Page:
Every day is eventful “I sign up for everything that Touchmark has to offer.” She dances, takes riverboat cruises, goes on casino excursions, and visits different restaurants with friends.

She also plays pinochle every day. “I like to beat the boys,” she says with a grin.

“Do I work out in the gym? No, that’s not my favorite thing to do. My favorite thing to do is to write books on my family’s history.”

Dorothy’s lifelong passion
When Dorothy married in 1950, she began using her wall calendar to record daily notes on everything she and her family did. In 1960, she began writing a history of her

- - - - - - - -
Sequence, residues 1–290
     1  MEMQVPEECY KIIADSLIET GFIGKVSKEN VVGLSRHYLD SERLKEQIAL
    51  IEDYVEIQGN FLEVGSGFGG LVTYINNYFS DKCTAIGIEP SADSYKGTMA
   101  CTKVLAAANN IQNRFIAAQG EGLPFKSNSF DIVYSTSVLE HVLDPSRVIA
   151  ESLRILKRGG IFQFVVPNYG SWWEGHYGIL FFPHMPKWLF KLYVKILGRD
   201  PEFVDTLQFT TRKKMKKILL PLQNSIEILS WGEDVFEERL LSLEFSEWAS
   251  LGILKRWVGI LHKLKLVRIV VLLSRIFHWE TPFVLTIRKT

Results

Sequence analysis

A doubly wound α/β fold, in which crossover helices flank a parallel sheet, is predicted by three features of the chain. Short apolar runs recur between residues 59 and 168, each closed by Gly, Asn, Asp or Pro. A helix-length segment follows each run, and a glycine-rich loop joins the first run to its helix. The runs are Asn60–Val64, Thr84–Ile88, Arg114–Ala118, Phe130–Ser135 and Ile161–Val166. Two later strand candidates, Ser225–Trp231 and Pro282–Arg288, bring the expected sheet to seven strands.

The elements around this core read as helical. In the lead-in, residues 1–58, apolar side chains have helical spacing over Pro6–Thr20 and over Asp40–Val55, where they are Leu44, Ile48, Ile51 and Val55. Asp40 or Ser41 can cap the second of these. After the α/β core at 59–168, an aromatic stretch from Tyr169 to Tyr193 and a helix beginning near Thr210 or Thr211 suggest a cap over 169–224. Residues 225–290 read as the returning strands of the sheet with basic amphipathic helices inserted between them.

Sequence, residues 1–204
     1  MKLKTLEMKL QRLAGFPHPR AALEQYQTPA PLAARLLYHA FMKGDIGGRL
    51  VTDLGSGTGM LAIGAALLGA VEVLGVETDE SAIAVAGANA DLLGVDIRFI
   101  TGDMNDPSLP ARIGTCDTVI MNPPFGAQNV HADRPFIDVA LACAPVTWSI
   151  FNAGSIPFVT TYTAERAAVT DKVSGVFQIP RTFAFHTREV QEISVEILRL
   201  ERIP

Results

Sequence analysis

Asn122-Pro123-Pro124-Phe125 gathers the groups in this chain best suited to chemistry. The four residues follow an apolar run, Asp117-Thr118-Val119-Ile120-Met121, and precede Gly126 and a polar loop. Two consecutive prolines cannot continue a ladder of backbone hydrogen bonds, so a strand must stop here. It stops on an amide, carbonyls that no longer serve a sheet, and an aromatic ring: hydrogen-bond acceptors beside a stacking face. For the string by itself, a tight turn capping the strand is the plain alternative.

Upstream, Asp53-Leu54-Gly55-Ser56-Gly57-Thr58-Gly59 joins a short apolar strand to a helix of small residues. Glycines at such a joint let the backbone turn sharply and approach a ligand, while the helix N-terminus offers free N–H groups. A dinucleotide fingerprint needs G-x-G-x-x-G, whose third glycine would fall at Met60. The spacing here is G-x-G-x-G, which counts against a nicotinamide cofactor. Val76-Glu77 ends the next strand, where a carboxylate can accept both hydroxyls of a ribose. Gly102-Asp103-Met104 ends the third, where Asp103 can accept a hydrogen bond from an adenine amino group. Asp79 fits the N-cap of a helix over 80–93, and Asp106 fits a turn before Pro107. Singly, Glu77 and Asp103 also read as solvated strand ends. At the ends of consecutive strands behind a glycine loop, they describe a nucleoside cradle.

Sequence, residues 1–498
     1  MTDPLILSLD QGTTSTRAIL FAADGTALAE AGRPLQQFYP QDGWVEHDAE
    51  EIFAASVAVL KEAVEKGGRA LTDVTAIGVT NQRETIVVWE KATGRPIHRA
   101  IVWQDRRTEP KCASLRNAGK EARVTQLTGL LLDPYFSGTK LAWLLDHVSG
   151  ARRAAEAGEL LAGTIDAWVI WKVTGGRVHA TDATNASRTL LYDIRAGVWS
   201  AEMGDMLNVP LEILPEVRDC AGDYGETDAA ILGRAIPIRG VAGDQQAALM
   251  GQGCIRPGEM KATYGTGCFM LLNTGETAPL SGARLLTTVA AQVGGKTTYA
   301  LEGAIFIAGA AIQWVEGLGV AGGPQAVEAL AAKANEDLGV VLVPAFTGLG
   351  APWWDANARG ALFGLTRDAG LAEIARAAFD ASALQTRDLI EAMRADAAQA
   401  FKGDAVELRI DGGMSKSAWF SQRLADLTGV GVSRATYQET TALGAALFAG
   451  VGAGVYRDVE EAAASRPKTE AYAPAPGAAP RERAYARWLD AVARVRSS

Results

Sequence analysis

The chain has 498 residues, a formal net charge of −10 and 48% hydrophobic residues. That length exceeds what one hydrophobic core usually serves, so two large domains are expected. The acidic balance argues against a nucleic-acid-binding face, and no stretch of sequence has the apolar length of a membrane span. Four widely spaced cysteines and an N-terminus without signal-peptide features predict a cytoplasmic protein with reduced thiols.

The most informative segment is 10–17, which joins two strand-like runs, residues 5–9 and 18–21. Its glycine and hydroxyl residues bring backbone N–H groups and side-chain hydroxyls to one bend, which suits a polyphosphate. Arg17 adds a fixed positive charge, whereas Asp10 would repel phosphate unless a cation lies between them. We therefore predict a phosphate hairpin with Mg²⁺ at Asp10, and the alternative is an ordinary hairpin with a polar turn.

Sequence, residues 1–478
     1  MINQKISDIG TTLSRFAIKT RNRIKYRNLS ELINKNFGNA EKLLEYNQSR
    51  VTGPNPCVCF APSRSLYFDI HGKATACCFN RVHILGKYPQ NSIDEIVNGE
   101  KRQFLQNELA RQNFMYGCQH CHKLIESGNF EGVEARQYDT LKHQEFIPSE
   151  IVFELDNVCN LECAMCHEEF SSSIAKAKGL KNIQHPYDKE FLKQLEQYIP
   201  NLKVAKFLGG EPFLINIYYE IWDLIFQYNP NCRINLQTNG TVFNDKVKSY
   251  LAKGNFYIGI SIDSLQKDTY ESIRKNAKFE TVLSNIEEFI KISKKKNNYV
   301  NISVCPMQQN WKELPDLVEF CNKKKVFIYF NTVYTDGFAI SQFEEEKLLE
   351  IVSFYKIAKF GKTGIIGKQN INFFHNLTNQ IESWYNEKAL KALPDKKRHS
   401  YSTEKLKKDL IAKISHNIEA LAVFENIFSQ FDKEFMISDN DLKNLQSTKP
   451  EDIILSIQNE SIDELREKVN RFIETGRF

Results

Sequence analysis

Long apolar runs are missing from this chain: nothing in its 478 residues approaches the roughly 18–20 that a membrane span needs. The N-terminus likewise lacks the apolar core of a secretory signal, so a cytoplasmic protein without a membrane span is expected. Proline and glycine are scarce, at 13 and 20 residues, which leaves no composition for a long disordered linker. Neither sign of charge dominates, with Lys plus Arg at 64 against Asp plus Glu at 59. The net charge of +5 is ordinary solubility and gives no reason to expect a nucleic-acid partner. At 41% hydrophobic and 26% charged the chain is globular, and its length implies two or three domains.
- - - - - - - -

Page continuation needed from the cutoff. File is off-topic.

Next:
family, using those notes. She started out using a manual typewriter and pasting pictures onto the pages. “It’s like an autobiography with pictures,” she explains.

She has since exchanged her typewriter for a computer and now scans her pictures into her digital text document. “Oh my, this is so much easier and faster!”

Besides documenting her immediate family, she also researched ancestors. She traced her husband’s family back to 1534 and her own family to about 1746. “When I’d get little bits of information about their lives, I’d make a story out of it.”

Dorothy recently published her third book of family history, covering the years 2009 through 2013, and will soon start on her fourth.

“It takes a lot of my time, but it’s something I love to do. I will do this as long as I live; as long as I am able to do it.”

Philosophy of life